Public expectations of what distributed renewable energy sources can deliver – for example, wind, photovoltaic (PV) or micro-combined heat and power (micro-CHP) – are increasing. But unlike conventional sources of generation, the output of many of these sources is not based on electricity load but on weather conditions or heat. From a system perspective, this raises new challenges for balancing supply and demand.

In addition, these new distributed generation technologies require system-dispatching tools to effectively control the low-voltage side of electrical grids. Moreover, they indirectly create a scarcity of “regulating energy” – the energy necessary for transmission operators to maintain the real-time balance of their grids. This forces the industry to try and harness the power of conventional central generation technologies, such as nuclear power, in new ways.

A European Union-funded consortium named Fenix is identifying innovative network and market services that distributed energy resources can potentially deliver, once the grid becomes “smart” enough to integrate all energy resources.

In Figure 1, the Status Quo Future represents how system development would play out under the traditional system operation paradigm characterized by today’s centralized control and passive distribution networks. The alternative, Fenix Future, represents the system capacities with distributed energy resources (DER) and demand-side generation fully integrated into system operation, under a decentralized operating paradigm.

CHALLENGES RELATED TO NETWORK OPERATIONAL SECURITY

The regulatory push toward larger trading areas is increasing the number of market participants. This trend is in turn driving the need for increased network dispatch and control capabilities. Simultaneously, grid operators are expanding their responsibilities across new and complex geographic regions. Combine these factors with an aging workforce (particularly when trying to staff strategic processes such as dispatching), and it’s easy to see why utilities are becoming increasingly dependent on information technology to automate processes that were once performed manually.

Moreover, the stochastic nature of energy sources significantly increases uncertainty regarding supply. Researchers are trying to improve the accuracy of the information captured in substations, but this requires new online dispatching stability tools. Additionally, as grid expansion remains politically controversial, current efforts are mostly focused on optimizing energy flow in existing physical assets, and on trying to feed asset data into systems calculating operational limits in real time.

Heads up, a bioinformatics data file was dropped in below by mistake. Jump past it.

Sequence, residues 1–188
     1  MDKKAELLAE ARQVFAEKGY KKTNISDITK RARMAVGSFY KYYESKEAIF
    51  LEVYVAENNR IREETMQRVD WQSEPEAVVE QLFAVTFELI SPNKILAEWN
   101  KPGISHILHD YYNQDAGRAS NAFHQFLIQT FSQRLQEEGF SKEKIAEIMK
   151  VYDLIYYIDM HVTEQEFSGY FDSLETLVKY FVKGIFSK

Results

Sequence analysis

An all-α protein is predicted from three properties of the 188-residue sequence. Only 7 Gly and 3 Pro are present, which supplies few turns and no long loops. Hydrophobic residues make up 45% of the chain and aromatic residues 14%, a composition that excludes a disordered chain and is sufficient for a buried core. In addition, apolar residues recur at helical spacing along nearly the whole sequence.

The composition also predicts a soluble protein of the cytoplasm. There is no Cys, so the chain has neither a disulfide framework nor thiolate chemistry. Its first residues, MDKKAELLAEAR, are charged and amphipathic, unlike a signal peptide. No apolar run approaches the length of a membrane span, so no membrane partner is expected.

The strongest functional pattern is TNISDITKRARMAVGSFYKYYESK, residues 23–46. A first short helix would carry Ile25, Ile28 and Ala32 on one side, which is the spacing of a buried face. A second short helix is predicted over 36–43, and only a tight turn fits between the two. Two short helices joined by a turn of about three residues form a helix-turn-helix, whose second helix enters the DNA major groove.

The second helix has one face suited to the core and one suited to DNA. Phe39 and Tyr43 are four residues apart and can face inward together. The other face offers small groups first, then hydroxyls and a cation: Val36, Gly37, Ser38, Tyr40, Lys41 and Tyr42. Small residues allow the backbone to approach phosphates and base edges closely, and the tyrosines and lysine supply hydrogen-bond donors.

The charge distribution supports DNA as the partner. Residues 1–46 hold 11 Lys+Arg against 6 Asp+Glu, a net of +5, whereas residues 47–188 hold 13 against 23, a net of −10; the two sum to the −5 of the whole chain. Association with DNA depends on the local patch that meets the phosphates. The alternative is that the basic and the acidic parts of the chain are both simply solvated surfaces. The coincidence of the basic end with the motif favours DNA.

Last but not least, this enables the extension of generation dispatch and congestion into distribution low-voltage grids. Although these grids were traditionally used to flow energy one way – from generation to transmission to end-users – the increasing penetration of distributed resources creates a new need to coordinate the dispatch of these resources locally, and to minimize transportation costs.

CHALLENGES RELATED TO PARTICIPATING DEMAND

Recent events have shown that decentralized energy markets are vulnerable to price volatility. This poses potentially significant economic threats for some nations because there’s a risk of large industrial companies quitting deregulated countries because they lack visibility into long-term energy price trends.

One potential solution is to improve market liquidity in the shorter term by providing end-users with incentives to conserve energy when demand exceeds supply. The growing public awareness of energy efficiency is already leading end-users to be much more receptive to using sustainable energy; many utilities are adding economic incentives to further motivate end-users.

These trends are expected to create radical shifts in transmission and distribution (T&D) investment activities. After all, traditional centralized system designs, investments and operations are based on the premise that demand is passive and uncontrollable, and that it makes no active contribution to system operations.

However, the extensive rollout of intelligent metering capabilities has the potential to reverse this, and to enable demand to respond to market signals, so that end-users can interact with system operators in real or near real time. The widening availability of smart metering thus has the potential to bring with it unprecedented levels of demand response that will completely change the way power systems are planned, developed and operated.

CHALLENGES RELATED TO REGULATION

Parallel with these changes to the physical system structure, the market and regulatory frameworks supporting energy systems are likewise evolving. Numerous energy directives have established the foundation for a decentralized electricity supply industry that spans formerly disparate markets. This evolution is changing the structure of the industry from vertically integrated, state-owned monopolies into an environment in which unbundled generation, transmission, distribution and retail organizations interact freely via competitive, accessible marketplaces to procure and sell system services and contracts for energy on an ad hoc basis.